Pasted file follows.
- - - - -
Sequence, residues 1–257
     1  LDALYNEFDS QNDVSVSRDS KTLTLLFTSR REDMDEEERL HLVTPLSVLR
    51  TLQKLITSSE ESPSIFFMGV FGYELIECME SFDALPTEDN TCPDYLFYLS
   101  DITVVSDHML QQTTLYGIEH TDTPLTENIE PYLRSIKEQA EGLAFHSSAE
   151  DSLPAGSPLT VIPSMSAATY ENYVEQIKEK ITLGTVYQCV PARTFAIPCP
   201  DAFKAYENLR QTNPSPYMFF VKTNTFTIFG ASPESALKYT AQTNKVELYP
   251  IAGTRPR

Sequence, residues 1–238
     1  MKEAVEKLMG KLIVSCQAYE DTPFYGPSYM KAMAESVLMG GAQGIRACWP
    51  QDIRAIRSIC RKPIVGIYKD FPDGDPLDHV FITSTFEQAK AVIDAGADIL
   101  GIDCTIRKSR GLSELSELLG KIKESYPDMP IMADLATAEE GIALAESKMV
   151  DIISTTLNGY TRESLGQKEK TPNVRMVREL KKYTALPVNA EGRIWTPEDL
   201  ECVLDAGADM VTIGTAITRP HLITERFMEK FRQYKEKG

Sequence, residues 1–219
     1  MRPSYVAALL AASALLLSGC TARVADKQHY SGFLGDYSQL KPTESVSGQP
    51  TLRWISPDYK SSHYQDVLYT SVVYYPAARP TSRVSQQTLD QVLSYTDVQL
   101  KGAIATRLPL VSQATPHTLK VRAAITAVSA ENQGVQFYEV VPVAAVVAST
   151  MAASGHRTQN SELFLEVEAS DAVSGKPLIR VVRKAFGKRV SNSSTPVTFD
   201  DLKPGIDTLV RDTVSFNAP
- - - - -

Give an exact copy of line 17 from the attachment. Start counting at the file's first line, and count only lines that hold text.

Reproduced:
   101  KGAIATRLPL VSQATPHTLK VRAAITAVSA ENQGVQFYEV VPVAAVVAST